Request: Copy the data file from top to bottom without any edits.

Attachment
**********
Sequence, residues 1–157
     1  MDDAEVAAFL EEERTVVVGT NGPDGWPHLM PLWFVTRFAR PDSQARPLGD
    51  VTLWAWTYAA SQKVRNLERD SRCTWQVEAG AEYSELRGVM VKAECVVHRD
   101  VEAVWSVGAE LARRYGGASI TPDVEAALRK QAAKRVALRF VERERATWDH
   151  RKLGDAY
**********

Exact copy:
Sequence, residues 1–157
     1  MDDAEVAAFL EEERTVVVGT NGPDGWPHLM PLWFVTRFAR PDSQARPLGD
    51  VTLWAWTYAA SQKVRNLERD SRCTWQVEAG AEYSELRGVM VKAECVVHRD
   101  VEAVWSVGAE LARRYGGASI TPDVEAALRK QAAKRVALRF VERERATWDH
   151  RKLGDAY